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AT first old Mr. Crow could scarcely be­lieve his eyes. He stared and stared. Certainly it was no 'possum that he saw. And yet the stranger was hanging by his tail.

There could be no doubt about that. Even as Mr. Crow watched him he waved both hands at Mr. Crow, and swung by his tail alone.

The old gentleman was terribly upset. During all the summers he had spent in Pleasant Valley he had never seen any such person there before.

For a moment Mr. Crow was worried about himself. He wondered if he was not ill. He knew he had eaten a good deal of corn that day. And he half hoped that that was the trouble – that perhaps he saw something that wasn't really in the tree at all.

Then he remembered the blow on his back. Had the queer person in the tree-top struck him?... Mr. Crow grew angry.

"Did you hit me?" he called.

"I'm not sure," said the stranger. "But I think I did, for I saw you jump."

"Then you threw something at me! " Mr. Crow screamed.

"Oh, no!" the other replied. "I didn't throw anything at you, sir. I merely dropped something on your back."

Mr. Crow choked. Perhaps it was as well that he could not speak just then. He coughed and spluttered and swallowed and swayed back and forth, trying to get his breath. And he had begun, at last to feel better, when – biff! – something struck him again and all but knocked him over.

The stranger gave a shrill whistle.

"I threw something that time!" he jeered.

Old Mr. Crow felt that he had been ter­ribly insulted. He looked as dignified as he could. And he would have turned his back on the stranger – had he dared.

While he was wondering whether he had better fly away, or stay and quarrel with the rude person who had pelted him, the boorish stranger leaped from the tall tree into the smaller one where Mr. Crow was sitting. Then, dropping nimbly from limb to limb, with the help of his hands and his feet and his tail, he stopped at last when he had reached Mr. Crow's level.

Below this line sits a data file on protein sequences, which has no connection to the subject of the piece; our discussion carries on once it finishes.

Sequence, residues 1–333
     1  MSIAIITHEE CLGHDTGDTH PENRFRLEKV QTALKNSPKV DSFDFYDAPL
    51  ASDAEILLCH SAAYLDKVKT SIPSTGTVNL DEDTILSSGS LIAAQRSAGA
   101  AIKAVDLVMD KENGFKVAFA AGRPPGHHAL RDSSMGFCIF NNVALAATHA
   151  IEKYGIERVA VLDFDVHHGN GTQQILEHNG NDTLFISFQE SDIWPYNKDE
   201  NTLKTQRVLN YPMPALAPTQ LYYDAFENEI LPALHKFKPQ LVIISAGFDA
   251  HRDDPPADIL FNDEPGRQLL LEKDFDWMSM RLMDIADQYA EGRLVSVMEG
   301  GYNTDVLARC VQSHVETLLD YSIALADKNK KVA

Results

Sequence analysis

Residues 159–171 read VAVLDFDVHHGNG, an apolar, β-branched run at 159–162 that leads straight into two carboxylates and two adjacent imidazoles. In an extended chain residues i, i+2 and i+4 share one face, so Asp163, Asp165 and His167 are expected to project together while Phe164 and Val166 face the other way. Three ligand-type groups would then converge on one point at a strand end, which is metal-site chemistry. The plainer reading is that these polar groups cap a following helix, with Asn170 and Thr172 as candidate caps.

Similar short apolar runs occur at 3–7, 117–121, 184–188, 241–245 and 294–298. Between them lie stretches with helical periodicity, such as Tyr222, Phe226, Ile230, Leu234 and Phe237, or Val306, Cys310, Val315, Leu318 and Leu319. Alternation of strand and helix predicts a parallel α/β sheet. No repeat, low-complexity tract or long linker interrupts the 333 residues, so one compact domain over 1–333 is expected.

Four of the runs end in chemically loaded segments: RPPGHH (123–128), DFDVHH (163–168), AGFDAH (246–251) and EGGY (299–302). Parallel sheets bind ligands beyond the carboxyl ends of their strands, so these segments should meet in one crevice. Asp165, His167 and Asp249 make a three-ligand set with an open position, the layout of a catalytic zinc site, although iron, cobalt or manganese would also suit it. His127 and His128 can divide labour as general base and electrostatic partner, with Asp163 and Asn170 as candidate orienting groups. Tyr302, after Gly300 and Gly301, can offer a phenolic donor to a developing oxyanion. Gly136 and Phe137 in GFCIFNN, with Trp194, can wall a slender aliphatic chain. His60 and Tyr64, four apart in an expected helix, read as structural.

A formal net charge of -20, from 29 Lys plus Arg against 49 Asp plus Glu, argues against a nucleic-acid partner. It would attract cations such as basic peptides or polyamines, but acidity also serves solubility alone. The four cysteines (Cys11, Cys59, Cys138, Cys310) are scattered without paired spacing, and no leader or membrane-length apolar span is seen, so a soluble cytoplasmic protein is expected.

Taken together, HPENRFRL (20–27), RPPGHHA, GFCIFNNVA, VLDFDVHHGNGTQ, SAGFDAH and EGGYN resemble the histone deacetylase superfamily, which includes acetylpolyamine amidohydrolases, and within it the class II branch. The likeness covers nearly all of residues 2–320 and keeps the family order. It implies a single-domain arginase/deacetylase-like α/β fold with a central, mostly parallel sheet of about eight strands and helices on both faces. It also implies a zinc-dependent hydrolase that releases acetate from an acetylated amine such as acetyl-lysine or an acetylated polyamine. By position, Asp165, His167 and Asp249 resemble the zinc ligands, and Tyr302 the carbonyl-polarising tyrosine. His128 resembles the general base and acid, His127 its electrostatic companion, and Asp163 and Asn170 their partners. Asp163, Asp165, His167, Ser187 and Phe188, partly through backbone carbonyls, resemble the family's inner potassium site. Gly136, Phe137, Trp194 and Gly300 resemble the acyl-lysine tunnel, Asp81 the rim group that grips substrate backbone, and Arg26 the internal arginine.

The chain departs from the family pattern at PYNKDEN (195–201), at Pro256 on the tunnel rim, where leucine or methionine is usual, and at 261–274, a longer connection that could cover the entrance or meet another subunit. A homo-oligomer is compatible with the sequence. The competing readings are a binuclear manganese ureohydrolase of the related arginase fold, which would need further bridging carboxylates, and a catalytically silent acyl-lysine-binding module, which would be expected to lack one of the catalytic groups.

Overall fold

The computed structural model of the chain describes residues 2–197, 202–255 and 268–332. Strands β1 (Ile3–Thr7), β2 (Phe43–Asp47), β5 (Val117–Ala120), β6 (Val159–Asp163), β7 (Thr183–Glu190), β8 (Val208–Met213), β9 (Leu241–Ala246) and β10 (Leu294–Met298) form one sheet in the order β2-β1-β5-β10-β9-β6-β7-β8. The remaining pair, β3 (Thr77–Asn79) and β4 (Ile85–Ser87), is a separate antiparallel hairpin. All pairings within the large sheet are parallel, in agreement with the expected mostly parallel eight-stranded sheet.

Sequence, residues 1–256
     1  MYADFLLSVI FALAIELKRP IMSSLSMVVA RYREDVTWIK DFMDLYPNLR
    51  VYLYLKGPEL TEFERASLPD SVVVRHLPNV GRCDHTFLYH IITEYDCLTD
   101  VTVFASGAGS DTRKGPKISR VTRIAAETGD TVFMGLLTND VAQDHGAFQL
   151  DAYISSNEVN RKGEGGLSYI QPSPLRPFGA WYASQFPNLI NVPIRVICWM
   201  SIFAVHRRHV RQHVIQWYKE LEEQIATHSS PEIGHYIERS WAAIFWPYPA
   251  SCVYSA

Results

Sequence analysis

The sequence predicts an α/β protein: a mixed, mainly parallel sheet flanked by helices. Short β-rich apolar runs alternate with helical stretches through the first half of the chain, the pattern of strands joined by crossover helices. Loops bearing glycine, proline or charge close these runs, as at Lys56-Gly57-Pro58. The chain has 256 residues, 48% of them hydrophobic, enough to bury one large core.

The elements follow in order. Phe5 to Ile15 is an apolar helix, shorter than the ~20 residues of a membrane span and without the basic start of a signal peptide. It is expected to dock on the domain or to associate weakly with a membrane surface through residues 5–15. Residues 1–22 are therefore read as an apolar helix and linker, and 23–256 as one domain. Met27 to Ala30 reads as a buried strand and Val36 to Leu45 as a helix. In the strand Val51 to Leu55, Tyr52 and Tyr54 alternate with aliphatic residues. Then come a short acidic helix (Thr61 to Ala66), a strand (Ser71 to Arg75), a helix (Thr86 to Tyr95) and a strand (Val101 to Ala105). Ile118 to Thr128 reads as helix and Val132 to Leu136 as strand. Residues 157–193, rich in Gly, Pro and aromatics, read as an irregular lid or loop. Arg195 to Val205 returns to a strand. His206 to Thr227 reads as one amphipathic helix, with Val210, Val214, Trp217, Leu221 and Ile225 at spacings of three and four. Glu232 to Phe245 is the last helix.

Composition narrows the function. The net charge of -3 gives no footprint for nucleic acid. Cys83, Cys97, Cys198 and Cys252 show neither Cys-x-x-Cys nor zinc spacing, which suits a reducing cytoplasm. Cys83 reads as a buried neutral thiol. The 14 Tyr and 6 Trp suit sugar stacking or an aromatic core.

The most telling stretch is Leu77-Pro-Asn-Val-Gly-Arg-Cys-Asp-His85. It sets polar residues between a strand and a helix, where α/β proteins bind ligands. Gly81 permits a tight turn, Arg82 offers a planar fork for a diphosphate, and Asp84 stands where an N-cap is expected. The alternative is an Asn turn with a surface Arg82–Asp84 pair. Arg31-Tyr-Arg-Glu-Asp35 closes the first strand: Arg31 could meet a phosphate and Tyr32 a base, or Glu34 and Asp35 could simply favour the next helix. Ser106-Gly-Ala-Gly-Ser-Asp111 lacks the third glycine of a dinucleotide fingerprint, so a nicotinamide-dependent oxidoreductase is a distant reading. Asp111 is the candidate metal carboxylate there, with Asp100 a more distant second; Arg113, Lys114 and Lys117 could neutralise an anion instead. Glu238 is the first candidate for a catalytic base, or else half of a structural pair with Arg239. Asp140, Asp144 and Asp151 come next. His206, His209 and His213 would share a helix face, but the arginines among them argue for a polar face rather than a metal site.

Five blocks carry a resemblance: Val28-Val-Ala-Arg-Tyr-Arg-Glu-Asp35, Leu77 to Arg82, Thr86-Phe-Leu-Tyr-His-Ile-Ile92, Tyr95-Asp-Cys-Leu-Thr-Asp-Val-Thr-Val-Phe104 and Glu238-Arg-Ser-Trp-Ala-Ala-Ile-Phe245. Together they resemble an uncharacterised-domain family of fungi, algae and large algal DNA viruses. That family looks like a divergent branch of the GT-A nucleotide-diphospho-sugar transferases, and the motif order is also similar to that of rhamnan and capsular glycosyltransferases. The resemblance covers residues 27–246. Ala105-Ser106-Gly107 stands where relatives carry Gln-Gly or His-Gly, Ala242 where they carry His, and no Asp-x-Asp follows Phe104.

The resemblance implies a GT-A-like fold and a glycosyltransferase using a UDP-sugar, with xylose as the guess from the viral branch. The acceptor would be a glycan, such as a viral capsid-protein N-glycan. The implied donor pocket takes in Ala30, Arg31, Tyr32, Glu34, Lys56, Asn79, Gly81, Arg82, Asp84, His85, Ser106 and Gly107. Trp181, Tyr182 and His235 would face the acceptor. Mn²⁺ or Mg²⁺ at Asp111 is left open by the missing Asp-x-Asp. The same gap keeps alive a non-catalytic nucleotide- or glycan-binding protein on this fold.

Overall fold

One thing was certain. The stranger was bold as brass. He looked Mr. Crow up and down. And then he said:

"You're a gay old bird! What's your name?"

Now, no doubt some people would have been angry. But Mr. Crow rather liked to be called gay, because he couldn't help looking solemn. And most people knew he was very old. And everybody was aware he was a bird. So he said hoarse­ly:

"My name is Mister Crow – and please don't forget the Mister."

The stranger put on his flat-topped red cap and touched the visor smartly with his right hand, in a military manner.

Old Mr. Crow couldn't help admiring the newcomer's clothes. He wore a red coat trimmed with gold braid, and bright blue trousers.

"That's a handsome suit that you have on," Mr. Crow observed. "I shouldn't mind having one like it myself."

The stranger seemed pleased. And he touched his cap again.

"I'm afraid you can't have a suit like this," he said. "It's a uniform – that's what it is. And, of course, a plain Mister like you can't wear a uniform. But I wear one because I'm a soldier."

Old Mr. Crow was disappointed. But he soon brightened up. Though he wasn't a soldier himself, at least it was pleasant to know one. So he decided to forget that he had been angry with the stranger.

"What's your name?" he asked.

"Major Monkey," said the newcomer, knocking off his cap with one hand and catching it with the other as it fell. "When you speak to me, please don't forget the Major," he added.

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